The CRA also sets the bar for advancing the resolution in the Senate by a simple majority, rather than the 60 votes needed for most bills in the upper house. Still, Democrats will hold a 51-seat majority next year, and President Joe Biden would likely veto any resolution overturning the VA policy, meaning a two-thirds majority would be needed to pass the resolution.

Asked about the resolution, VA spokesman Terrence Hayes said the department remains committed to providing veterans with “the full range of reproductive health services to ensure their health and well-being.”

“It’s our commitment to women veterans, because they deserve nothing less than access to world-class reproductive health care when they need it most,” he said. “That’s what our nation owes them, and that’s what we’re going to deliver to VA.”

Meanwhile, a nurse practitioner at the Olin E. Teague Veterans Center in Temple, Texas, alleges the policy violates her religious freedoms because her beliefs prevent her from working “at a facility that provides abortion services.” for reasons other than to save life”. of the mother because, according to her, unborn babies are created in the image of God and must be protected,” according to her lawsuit.

The lawsuit was filed in Texas federal court on behalf of the employee, Stephanie Carter, by the conservative Christian legal group First Liberty Institute, which has also led legal challenges to other contentious Biden administration policies, such as than the military mandate of the COVID-19 vaccine.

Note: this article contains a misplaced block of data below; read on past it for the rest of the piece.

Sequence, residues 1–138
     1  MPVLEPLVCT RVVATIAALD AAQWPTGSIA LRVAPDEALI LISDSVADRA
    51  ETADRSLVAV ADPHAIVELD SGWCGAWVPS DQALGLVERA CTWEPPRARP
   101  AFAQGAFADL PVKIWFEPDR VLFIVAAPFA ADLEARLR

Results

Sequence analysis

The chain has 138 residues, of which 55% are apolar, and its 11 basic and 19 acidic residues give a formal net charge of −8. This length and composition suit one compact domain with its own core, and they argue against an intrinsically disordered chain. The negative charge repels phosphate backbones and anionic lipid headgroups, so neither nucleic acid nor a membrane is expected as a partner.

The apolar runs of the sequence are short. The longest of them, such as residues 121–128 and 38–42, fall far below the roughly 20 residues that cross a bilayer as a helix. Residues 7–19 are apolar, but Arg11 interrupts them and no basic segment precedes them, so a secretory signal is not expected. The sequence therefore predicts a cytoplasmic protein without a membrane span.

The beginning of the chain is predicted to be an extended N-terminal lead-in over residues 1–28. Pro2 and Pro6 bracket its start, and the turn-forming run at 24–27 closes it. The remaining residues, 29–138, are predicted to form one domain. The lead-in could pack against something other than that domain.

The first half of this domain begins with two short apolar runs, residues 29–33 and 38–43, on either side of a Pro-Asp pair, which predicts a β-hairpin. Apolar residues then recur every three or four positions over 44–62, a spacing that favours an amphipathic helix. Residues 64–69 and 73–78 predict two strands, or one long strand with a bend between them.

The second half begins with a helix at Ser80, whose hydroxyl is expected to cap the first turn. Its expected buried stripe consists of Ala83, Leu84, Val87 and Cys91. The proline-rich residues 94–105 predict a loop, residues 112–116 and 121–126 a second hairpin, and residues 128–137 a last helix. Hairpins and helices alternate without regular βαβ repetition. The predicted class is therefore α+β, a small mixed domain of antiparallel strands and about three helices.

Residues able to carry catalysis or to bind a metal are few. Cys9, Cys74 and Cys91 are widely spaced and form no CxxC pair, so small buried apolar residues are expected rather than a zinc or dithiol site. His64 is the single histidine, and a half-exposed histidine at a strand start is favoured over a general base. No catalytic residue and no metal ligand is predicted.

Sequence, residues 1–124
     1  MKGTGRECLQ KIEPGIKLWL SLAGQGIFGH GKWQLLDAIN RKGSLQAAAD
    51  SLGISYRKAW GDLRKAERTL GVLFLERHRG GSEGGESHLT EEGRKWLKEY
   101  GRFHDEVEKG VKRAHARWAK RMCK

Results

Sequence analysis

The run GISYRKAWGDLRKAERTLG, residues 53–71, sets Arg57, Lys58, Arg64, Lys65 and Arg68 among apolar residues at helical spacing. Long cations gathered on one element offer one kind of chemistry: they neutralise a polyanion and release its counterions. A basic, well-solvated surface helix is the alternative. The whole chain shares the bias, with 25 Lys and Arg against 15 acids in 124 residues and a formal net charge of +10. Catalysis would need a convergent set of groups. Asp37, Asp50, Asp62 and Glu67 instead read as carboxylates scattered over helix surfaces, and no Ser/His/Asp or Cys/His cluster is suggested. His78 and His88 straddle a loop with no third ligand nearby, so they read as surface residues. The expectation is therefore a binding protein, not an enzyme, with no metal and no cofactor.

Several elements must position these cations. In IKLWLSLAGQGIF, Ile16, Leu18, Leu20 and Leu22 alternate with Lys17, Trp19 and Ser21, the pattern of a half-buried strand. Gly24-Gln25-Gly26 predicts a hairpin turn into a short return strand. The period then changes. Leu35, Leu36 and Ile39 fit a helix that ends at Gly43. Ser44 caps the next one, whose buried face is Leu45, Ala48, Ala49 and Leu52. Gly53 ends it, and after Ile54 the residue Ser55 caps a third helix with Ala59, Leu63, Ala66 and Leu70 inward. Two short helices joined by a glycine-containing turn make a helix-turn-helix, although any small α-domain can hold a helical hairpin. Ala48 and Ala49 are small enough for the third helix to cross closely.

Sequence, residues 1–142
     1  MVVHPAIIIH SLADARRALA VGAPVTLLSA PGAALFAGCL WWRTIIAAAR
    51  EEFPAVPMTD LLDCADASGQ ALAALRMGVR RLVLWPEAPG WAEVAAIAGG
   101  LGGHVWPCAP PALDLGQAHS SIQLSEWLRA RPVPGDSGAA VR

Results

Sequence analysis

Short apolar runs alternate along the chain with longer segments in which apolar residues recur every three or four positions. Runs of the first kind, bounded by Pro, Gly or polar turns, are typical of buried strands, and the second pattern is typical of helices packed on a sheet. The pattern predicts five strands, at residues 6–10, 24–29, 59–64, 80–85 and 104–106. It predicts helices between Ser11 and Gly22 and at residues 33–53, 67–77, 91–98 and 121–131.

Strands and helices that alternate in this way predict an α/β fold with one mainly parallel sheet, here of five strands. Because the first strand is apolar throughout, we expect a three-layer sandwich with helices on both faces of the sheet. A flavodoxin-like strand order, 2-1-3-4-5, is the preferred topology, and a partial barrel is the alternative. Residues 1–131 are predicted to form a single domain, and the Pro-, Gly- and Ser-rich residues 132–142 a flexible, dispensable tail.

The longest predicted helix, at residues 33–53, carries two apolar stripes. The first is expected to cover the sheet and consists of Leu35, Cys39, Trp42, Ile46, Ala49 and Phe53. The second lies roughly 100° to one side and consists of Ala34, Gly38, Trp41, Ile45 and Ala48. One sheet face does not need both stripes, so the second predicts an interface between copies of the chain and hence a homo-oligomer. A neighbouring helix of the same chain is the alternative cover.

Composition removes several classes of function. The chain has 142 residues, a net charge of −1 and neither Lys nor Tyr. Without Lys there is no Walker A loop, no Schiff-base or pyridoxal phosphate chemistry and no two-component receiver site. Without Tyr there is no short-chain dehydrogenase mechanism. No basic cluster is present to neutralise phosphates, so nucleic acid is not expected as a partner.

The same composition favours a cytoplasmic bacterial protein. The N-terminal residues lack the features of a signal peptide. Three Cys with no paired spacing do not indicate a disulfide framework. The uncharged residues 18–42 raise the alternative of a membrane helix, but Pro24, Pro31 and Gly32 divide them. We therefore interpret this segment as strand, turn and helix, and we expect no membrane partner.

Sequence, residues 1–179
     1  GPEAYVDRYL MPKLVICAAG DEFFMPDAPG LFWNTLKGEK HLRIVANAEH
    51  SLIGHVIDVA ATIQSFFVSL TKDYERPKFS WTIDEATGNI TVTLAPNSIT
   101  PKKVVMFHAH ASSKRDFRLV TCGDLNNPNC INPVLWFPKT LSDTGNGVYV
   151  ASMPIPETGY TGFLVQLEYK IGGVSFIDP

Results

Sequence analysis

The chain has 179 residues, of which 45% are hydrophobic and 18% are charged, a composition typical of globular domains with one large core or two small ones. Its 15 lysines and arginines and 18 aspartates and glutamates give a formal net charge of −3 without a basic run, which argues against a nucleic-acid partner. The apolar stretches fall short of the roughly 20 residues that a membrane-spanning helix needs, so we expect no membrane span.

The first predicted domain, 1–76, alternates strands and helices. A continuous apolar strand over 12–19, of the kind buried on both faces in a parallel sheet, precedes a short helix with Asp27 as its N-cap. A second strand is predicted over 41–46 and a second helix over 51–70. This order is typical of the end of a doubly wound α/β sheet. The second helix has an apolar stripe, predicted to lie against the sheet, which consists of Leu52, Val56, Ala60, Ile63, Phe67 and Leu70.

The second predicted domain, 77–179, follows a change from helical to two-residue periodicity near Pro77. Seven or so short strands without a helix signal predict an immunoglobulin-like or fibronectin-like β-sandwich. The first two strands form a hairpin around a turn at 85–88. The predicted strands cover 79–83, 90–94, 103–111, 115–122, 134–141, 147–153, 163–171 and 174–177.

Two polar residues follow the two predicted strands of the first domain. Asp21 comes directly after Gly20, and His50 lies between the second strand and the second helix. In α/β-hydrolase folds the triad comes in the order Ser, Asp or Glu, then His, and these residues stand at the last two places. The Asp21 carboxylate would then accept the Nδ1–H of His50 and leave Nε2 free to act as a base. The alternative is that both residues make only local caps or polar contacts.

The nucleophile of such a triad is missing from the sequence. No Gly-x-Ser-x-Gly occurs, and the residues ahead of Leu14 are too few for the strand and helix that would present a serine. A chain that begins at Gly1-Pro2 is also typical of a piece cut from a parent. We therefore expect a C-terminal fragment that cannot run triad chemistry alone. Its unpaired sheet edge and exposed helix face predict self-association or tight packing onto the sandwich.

The lawsuit says Carter requested religious accommodation twice in October to exempt her from having to provide abortion medication or counseling. Her supervisor told her there was no process in place yet for religious accommodations and, after the second time, to “just wait,” according to the lawsuit.

“It is unconscionable that the Biden administration is forcing health care workers at VA facilities to violate their conscience,” Danielle Runyan, senior counsel at the First Liberty Institute, said in a statement. “The VA should focus on caring for the men and women who bravely served to protect our country, not on performing illegal abortions.”

The lawsuit does not seek to stop the abortion policy nationwide, but rather seeks to prevent the policy from applying to Carter and the entire Temple VA establishment.

Hayes declined to comment directly on the lawsuit, but said VA Secretary Denis McDonough “made it clear to all employees that their religious beliefs are protected here at VA.”

“VA provides housing for VA employees who wish to opt out of providing abortion counseling or services,” Hayes said. “We are currently honoring waiver requests that go through VA supervisors. We have provided this information to all VA health care employees – including information on how to exercise these protections through the Office of the VA’s Diversity and Inclusion Management Resolution – and we encouraged employees to notify their supervisors of any waiver requests.

— Rebecca Kheel can be reached at Follow her on Twitter @reporterkheel.

Related: 15 Republican attorneys general warn against legal challenge to VA abortion policy